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Plastic Sheet of Power

Printing flexible electronics on plastic provides a way to wirelessly power gadgets.
December 14, 2006

Researchers at the University of Tokyo have demonstrated a prototype that could offer a new way to power gadgets. The prototype, which consists of plastic and flexible electronics, can wirelessly supply power to any device that touches its surface.

These sheets of flexible electronics can wirelessly transmit power to gadgets. The sheet in hand has copper coils for power transmission; the black and brown squares are switches for turning the current on and off; the next set of copper coils senses the position of a gadget; and the black and white grid is an array of organic transistors that detect the position of the gadget and direct current flow.

The power sheet, says Takao Someya, professor of engineering at the University of Tokyo, relies on the well-known physical principle of electromagnetic induction, used to charge electric toothbrushes and some RFID tags. However, he says, his system is designed in a way that overcomes the limitations of common induction schemes. Traditional induction systems can only spread small amounts of power over a relatively large area, and fairly large amounts of power can only be supplied to precise locations (such as a toothbrush mount). Someya’s power sheets, in contrast, can be large, and they can still supply a large amount of power to gadgets placed near them.


  • Video: See a model system in action

This new capability, he says, is enabled by a novel design and by advances in the fabrication of flexible electronics. The power system actually consists of two types of sheets: one sheet senses the position of an object, and the other sheet supplies power to the object’s point of contact, but not to the rest of the sheet. “In this way, the system selectively feeds power as high as 30 watts to electronic objects placed upon it,” Someya says.

The position-sensing sheet relies on two types of flexible electronics. Using a technique similar to silk screening, the researchers printed an array of copper coils 10 millimeters in diameter. In addition, they used a modified inkjet printer to print an array of organic transistors. Both devices are thin and flexible enough to bend with a sheet of plastic.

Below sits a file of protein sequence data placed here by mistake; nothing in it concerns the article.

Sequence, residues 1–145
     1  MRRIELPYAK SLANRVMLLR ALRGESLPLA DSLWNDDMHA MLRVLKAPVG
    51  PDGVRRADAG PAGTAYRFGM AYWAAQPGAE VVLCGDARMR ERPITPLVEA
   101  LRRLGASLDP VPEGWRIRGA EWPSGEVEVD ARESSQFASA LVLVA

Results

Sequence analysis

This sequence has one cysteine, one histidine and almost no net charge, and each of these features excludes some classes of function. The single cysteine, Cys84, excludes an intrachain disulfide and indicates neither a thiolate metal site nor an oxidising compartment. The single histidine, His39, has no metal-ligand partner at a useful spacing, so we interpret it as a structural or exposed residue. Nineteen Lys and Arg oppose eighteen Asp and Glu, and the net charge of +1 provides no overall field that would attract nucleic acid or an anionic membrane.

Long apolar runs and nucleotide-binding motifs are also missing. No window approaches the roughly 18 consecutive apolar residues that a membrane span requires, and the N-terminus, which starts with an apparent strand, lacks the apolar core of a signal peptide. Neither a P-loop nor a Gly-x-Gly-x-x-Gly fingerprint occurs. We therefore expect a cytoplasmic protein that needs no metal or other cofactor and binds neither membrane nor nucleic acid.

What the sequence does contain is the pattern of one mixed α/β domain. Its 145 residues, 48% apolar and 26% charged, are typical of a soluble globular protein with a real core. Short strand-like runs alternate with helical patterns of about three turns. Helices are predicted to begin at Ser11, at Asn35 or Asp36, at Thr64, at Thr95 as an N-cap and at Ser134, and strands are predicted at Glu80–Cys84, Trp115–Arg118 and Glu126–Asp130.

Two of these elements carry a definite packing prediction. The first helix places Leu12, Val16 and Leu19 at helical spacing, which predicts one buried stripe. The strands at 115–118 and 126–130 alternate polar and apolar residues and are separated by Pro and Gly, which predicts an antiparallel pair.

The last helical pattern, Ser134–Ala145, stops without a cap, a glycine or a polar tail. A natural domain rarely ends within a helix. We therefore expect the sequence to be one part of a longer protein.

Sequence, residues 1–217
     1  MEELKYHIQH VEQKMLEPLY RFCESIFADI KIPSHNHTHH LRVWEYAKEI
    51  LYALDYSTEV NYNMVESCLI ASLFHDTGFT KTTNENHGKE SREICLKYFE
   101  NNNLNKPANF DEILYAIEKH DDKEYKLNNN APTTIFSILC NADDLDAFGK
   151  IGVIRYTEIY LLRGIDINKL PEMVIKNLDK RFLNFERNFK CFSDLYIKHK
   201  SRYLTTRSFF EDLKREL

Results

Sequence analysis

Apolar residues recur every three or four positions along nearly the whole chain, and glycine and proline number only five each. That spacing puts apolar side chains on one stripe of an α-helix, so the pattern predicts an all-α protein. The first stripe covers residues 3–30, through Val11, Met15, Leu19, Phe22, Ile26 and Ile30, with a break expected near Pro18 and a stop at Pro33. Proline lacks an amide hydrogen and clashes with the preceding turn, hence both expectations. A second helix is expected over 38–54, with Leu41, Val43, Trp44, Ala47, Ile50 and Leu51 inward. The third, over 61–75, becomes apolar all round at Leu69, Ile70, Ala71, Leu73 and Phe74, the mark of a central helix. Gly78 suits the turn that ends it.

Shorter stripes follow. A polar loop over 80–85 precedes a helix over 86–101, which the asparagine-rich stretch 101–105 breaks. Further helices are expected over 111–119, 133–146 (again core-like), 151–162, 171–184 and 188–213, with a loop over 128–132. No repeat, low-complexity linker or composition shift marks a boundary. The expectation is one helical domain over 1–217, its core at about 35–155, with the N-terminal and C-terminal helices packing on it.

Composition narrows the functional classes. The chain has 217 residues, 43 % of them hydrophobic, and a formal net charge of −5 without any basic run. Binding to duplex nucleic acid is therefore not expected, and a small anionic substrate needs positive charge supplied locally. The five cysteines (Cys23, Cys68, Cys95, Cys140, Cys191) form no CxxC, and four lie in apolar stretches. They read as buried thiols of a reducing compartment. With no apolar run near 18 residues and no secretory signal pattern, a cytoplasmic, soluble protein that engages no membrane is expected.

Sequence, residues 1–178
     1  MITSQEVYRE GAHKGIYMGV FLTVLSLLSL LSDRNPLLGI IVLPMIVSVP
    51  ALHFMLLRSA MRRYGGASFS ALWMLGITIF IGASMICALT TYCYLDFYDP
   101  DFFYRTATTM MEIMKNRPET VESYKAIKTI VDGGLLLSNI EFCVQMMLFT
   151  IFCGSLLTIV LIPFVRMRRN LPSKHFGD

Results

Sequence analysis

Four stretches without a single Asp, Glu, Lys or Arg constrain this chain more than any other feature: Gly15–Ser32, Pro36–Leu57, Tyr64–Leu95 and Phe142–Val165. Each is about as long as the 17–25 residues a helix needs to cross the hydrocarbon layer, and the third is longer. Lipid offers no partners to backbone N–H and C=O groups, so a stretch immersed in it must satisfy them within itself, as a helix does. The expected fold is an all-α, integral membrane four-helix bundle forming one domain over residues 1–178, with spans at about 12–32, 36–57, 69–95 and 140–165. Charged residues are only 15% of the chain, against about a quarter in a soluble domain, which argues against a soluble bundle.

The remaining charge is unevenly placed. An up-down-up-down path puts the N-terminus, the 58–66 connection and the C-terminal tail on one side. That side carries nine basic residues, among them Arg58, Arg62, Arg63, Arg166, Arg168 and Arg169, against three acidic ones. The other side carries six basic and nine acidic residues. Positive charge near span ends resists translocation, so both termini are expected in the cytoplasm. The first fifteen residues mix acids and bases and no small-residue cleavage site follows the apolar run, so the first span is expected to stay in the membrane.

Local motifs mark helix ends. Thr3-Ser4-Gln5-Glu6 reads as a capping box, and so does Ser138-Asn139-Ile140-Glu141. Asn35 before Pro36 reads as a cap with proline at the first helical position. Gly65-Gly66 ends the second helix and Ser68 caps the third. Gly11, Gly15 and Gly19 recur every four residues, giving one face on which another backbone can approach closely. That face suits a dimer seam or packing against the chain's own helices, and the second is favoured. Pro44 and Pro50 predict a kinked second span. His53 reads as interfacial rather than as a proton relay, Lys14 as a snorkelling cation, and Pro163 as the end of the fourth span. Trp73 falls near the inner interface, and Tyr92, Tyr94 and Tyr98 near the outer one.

Gadgets would need to be equipped with a coil and special power-harvesting circuitry to use the power pad. As the gadget gets closer to the pad, the electrical resistance of the pad’s coils decreases. The array of transistors detects the exact position of the change in resistance and effectively directs the subsequent power flow, which is provided by devices on the second sheet of plastic.

This second power-supplying sheet has an array of switches and copper coils. The switches, made of silver and plastic, turn the electric current on and off, mediating its flow to the adjacent copper coil.

When a laptop is placed on the combined sheets, its position is sensed, and current flows through a coil, enabling electromagnetic induction. The flow of the current creates a magnetic field. If a laptop with a power-harvesting coil comes close enough to the field, it will induce an electric current to flow through the laptop’s coil, wirelessly supplying power.

The researchers’ combining of a number of types of flexible electronics is notable, says John Rogers, professor of materials science at the University of Illinois. Rogers is a pioneer in the field of flexible and stretchable electronics. The new system “appears to represent a very interesting and new application of organic or flexible electronics,” he says.

The sheet of power is research that’s “well worth highlighting,” says Sigurd Wagner, professor of electrical engineering at Princeton. Someya is taking advantage of technology that allows electronics to be printed on a sheet with a large area, he says, and in a way that lets large amounts of power transmit to a selectively small area when needed.

Still, the flexible electronics used to make this prototype is still in its infancy. “There’s a lot of space to improve,” Someya says. The devices aren’t quite reliable enough. They change their characteristics in a period of months, he says, due to oxygen and humidity, which attack organic semiconductors and electrodes. However, he says, he is optimistic because some commercial displays, called organic electroluminescence (OEL) displays, use similar materials, and in recent years the display market has helped drive improvements in these organic devices.

Someya estimates that it will take about five years to overcome the remaining technical issues. Ultimately, he hopes to create a rollable, portable, and reliable power system that could be built into furniture and homes. “Our final goal is to implement the device as infrastructure,” he says, “embedded [in walls and tables] from the beginning.” Imagine, he says, moving a flat-screen television from wall to wall, without needing to worry about plugging it into an electrical outlet.

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